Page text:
If you receive these questions, then your case is in discovery. This is the pre-trial procedure that allows you and the defendant to exchange information and evidence in a formal way. We also serve the defendant with discovery. You may see the some of the following types of discovery in your claim:

  • Interrogatories: questions that require written answers.
  • Requests for production: ask for documents that support your answers or are relevant to your claim, like medical records.
  • Depositions: oral questioning under oath
  • Requests for admission: ask to admit or deny statements
  • Subpoenas: ask for a person to produce documents or to testify
  • Requests for medical examinations

The most important rule in discovery is always the simplest one:  tell the truth. As in most things, remember what your parents told you – the truth is what matters. Telling a lie may mean that information that could have stayed out of court – because the other side is trying to catch any untruths or any missing information. They are looking for this because they want to make you look bad at trial.

Can they ask that? Most people are concerned because the questions ask for personal information. Sometimes that information could be:

  • Where you went to school
  • Where you have lived and worked
  • Your past injuries
  • Mental health and other medical treatment
  • Your criminal history and driving record
  • Past lawsuits and settlements
  • Your social media posts
  • Other subjects having to do with your claim

Your lawyer will object and not answer certain questions. Some information is too far in the past to matter and some you may not recall. Some information is simply too much to have to provide, or could even be information that the defendant already has. And you won’t have to provide information that is just between you and your lawyer! That information is privileged. But you should provide all the information you can, even when you think it is not important or none of the defendant’s business.

Rest assured that at every step in discovery we are there to answer your questions. We will be there to help pull information together, to request records, and to prepare you for what is to come. But your lawyer cannot answer the defendant’s questions for you. The answers must be your own.

Copeley Johnson & Groninger PLLC is a law firm focused on representing individuals and their family members who find themselves in circumstances that they never expected.  Their clients include those who have been injured on the job, on the road, and on the premises of businesses and public facilities.  They also help those whose employers have violated their legal rights.  For more on this firm, visit http://www.cjglawfirm.com or call (919) 240-4054.

Workers’ Compensation and Personal Injury – What is the Difference and Why Should I Care?

A workers’ compensation claim and a personal injury case are completely different things. If you have been injured it is important to understand which kind of case you have, or if maybe you have both, and the differences between the two.

Is the injury related to your job?

A worker who is injured on the job in NC may have a workers’ compensation claim. The injury must come from an accident that happens in the “course and scope” of the work. Not all workplace injuries are covered by workers’ compensation in North Carolina. Workers who develop an occupational disease in North Carolina may be covered by workers’ compensation if their employment put them at risk for the condition. The point is that to have a workers’ compensation case in NC the injury or medical condition must be related to your employment.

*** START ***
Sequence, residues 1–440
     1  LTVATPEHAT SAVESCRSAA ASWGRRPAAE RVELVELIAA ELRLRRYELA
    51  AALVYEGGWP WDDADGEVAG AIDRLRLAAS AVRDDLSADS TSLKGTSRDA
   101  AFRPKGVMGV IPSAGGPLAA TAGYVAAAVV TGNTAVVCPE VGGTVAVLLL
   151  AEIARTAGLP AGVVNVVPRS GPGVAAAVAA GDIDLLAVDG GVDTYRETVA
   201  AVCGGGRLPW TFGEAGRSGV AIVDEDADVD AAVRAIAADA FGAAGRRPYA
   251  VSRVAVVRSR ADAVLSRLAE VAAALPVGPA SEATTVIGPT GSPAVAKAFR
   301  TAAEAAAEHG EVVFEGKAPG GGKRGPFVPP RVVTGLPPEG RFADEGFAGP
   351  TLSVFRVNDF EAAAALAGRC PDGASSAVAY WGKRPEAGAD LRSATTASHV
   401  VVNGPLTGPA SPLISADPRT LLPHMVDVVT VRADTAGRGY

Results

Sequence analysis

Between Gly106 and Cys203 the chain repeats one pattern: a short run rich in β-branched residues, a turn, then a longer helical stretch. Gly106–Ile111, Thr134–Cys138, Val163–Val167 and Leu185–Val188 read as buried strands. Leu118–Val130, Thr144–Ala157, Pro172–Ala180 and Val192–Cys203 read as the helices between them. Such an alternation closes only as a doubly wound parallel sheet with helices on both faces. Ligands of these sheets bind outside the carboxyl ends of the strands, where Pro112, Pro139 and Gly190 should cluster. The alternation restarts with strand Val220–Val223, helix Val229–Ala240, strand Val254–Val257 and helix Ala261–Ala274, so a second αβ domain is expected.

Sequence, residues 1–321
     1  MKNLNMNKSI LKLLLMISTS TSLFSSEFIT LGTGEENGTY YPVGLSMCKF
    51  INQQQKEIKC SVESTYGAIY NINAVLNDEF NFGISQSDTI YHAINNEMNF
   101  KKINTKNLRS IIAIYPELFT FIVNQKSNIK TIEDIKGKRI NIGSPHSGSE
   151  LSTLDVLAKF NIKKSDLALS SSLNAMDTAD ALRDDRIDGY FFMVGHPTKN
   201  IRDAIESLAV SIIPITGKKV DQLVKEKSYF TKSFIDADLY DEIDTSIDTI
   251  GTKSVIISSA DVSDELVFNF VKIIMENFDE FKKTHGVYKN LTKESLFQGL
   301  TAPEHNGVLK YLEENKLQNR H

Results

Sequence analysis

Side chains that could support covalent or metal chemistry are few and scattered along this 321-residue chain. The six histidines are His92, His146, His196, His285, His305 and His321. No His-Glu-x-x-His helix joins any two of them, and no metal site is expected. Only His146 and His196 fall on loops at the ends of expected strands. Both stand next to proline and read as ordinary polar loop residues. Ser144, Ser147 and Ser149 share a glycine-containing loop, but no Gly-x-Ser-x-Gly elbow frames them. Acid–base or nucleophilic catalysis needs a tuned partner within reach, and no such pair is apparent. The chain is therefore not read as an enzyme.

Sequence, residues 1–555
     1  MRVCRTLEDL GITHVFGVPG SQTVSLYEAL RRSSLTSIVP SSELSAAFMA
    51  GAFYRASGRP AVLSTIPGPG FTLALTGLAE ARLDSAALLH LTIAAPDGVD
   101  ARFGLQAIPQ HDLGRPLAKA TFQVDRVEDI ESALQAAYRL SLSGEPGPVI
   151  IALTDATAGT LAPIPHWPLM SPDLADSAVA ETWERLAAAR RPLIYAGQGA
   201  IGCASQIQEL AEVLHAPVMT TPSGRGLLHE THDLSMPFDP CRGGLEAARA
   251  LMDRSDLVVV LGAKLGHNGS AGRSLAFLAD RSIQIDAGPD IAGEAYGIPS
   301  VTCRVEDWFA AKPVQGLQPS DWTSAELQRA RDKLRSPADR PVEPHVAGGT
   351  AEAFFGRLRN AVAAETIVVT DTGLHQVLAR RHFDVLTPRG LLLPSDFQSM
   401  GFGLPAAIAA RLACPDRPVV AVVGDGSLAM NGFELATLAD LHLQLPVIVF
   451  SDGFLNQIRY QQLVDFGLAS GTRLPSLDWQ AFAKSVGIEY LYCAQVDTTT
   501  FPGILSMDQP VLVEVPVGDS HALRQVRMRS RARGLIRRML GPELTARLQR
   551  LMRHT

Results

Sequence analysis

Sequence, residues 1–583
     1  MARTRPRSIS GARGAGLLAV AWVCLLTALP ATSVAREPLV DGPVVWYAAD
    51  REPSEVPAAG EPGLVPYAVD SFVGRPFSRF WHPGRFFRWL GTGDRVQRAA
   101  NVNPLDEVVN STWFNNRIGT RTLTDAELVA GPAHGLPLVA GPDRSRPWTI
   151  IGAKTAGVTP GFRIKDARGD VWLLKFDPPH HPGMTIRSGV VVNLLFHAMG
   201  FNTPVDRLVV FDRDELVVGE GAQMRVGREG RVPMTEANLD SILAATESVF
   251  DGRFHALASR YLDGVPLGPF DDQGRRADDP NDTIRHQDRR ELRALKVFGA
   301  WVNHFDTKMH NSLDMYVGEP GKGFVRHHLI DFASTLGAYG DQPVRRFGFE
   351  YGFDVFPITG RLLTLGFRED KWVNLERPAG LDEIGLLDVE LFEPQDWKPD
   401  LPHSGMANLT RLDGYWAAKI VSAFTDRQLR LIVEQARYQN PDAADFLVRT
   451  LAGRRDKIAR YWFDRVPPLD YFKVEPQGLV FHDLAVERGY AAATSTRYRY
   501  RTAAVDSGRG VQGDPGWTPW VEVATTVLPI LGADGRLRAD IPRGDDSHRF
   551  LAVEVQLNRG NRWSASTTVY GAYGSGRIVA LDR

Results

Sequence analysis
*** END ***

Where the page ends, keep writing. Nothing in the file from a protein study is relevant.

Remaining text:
Personal injury cases on the other hand can happen anywhere and do not need to be related to your employment. Typical examples of personal injury cases include automobile accidents, slip and falls, and professional malpractice.

Was somebody else at fault?

With workers’ compensation, it does not matter who was at fault in causing the injury. An injured worker does not have to prove that the employer was at fault. In fact, an injured worker can receive workers’ compensation benefits in North Carolina even if the worker accidentally causes the injury. In workers’ compensation, fault does not matter as to whether the claim is valid or not.

In a personal injury claim the injured person must show that the person who caused the injury was “negligent.” Negligence means the breach of a legal duty of care resulting in an injury and damages. In other words, negligence is hurting someone because you are not being careful enough. (Although my law school torts professor would have disapproved of that definition.) In a personal injury case in North Carolina, if the injured person is partly at fault in causing the injury, his or her claim may be barred. This is called “contributory negligence.” In North Carolina, an injured person who contributes even 1% to his or her own injury may not be able to recover at all.

Who do you file your claim against?

If you are injured on the job in North Carolina, you should file your workers’ compensation claim against your employer’s workers’ compensation insurance company or workers’ compensation administrator. This claim will be handled by the North Carolina Industrial Commission. With very few exceptions you cannot file a lawsuit for a workplace injury against your employer in civil court, even if you were injured because of your employer’s carelessness. Again, in workers’ compensation cases fault does not matter. Your only option is to take your claim to the Industrial Commission. This is known as the “exclusive remedy” provision. The exclusive remedy rule also applies if you are hurt at work because of the carelessness of a co-worker. Again, you must file the claim with the Industrial Commission.